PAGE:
Essay on The Cosmological and Teleological Arguments

Essay on The Cosmological and Teleological Arguments

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Throughout much of the short time that humankind has spent on this planet, few questions have been raised and torn apart as often as that regarding the existence of God. Philosophers throughout the ages have tackled this monumental issue, and some of them have gone so far as to try to prove the existence of God from a logical standpoint. Arguments for and against the existence of a Creator abound, but two of these stand above the rest. The first of these is the cosmological argument which while arguable, is unfortunately not entirely disprovable. Easier to argue against is the teleological argument, which actually can be broken down so quickly that one begins to question why it ever became popular in the first place. While neither one of these is guaranteed to convince a dedicated non believer, their interest as philosophical arguments is unquestionable.
In the Western tradition of philosophy, the cosmological argument can be traced all the way back to Plato’s Laws. However, its first appearance as a fully formed argument appears in the writings of St. Thomas Aquinas. St. Thomas Aquinas was a Roman Catholic philosopher who lived in the thirteenth century, and had a phenomenal effect on Western philosophy. In his writings, he came to what he believed to be a basic proof for the existence of God. In summary, the argument stands as such: All things that exist must have beginning, and therefore a cause. The Universe as a thing which exists, must have had a beginning and therefore a cause. A dumbed down version of this is simply that no matter how far one chooses to go back, even before the Big Bang, the Universe had to have started at some point, so something had to coax it into existence. Supporters of the cosmological argument ...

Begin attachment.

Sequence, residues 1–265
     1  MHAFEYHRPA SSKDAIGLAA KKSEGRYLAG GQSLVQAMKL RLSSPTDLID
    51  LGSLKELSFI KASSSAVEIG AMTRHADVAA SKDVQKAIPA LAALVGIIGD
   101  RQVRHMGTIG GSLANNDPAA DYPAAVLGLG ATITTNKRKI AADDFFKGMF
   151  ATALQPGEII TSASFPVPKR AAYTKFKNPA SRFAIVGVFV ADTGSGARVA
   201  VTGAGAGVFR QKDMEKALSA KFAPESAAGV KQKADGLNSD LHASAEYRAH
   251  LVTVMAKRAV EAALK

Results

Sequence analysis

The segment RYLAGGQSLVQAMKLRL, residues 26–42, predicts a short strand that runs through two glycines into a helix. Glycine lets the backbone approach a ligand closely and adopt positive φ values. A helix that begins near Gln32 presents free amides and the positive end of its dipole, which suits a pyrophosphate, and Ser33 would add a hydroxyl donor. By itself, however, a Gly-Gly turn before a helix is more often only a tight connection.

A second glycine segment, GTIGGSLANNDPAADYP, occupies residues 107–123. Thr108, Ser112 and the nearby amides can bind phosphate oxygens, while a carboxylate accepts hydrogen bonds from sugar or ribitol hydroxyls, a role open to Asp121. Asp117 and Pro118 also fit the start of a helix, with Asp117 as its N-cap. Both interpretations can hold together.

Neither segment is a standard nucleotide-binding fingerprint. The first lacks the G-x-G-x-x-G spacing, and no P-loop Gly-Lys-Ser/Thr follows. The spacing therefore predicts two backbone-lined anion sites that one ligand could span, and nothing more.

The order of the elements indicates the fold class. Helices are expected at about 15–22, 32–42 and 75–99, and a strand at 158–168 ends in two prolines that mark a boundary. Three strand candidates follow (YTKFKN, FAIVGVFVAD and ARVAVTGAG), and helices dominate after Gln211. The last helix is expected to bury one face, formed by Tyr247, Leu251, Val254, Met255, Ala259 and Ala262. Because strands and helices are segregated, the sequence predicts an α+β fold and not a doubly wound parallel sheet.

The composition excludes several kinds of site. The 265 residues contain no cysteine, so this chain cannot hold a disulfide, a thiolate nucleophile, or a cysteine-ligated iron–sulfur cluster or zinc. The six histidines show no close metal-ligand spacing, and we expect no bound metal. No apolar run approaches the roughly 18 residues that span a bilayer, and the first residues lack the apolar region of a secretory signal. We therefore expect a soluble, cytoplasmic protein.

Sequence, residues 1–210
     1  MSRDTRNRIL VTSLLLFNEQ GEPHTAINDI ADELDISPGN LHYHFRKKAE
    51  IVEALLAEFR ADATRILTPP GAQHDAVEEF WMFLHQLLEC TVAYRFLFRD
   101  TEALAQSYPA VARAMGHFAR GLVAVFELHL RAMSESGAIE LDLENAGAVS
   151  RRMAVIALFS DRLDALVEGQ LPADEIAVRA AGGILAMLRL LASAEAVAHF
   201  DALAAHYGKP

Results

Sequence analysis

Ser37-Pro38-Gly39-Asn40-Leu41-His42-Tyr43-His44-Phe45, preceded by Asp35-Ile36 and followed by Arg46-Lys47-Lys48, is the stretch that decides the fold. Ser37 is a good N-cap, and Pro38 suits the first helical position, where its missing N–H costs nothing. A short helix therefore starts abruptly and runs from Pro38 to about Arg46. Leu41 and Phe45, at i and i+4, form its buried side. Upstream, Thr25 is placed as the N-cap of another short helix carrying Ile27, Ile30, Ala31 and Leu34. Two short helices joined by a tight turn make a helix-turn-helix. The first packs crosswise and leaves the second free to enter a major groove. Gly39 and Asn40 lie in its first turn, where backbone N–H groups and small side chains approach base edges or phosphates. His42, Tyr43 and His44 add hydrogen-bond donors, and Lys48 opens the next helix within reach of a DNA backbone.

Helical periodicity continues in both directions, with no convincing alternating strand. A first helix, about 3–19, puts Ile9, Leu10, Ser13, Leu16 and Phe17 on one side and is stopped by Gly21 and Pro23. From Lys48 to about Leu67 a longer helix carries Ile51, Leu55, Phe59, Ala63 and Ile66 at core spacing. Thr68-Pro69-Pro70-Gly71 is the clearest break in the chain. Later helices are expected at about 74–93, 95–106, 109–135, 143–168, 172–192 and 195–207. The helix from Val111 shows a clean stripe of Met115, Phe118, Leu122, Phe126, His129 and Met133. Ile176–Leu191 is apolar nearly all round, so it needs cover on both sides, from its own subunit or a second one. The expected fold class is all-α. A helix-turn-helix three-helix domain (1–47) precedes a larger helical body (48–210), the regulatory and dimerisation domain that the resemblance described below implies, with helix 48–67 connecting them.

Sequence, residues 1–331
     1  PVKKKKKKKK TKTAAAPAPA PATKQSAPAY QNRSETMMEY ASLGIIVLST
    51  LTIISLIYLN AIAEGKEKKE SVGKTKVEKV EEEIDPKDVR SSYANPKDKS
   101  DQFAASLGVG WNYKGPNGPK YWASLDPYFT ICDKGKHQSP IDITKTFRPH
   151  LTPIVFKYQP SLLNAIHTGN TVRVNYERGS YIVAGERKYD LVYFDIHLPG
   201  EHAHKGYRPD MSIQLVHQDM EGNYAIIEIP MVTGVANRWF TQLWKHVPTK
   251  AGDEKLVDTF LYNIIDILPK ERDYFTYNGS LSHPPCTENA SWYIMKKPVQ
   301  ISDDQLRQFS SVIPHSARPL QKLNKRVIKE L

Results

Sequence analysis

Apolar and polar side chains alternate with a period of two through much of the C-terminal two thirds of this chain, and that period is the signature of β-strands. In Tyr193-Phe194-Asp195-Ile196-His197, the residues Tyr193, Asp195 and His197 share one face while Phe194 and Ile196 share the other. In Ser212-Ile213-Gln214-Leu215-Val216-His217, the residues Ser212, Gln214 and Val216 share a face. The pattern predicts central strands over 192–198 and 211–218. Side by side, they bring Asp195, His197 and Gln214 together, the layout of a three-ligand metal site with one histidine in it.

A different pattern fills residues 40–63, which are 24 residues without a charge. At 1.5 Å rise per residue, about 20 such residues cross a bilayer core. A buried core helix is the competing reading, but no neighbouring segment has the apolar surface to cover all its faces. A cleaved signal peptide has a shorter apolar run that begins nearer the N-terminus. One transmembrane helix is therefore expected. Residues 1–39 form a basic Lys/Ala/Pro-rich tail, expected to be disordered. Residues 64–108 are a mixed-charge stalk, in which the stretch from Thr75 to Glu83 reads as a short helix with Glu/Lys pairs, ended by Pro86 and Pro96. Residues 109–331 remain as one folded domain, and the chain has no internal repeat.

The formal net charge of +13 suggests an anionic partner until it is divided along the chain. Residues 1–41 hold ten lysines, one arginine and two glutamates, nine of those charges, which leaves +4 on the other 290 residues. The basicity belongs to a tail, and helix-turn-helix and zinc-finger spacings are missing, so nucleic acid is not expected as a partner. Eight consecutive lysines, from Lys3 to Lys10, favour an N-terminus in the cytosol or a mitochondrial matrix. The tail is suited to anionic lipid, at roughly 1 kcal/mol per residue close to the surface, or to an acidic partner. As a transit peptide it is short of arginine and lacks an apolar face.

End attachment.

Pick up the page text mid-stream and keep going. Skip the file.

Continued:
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...od strong against the test of time.
The cosmological argument for the existence of God is fundamentally flawed, but impossible to disprove by nature. The teleological argument for the existence of God is actually somewhat clever, but easily disprovable. Ultimately, neither philosophy nor science can ever definitively state whether or not God exists. God, if real, exists outside of the realm of what science can measure. Philosophy, while useful in the never-ending debate regarding the great possible being in the sky, is too speculative and this cannot be tested. Arguments for and against God’s existence have been around for a very long time and will likely be around either until God himself makes an appearance, or until the human race dies out. It is not our place to know whether or not there is some higher creative being than us, and personally I am okay with that.

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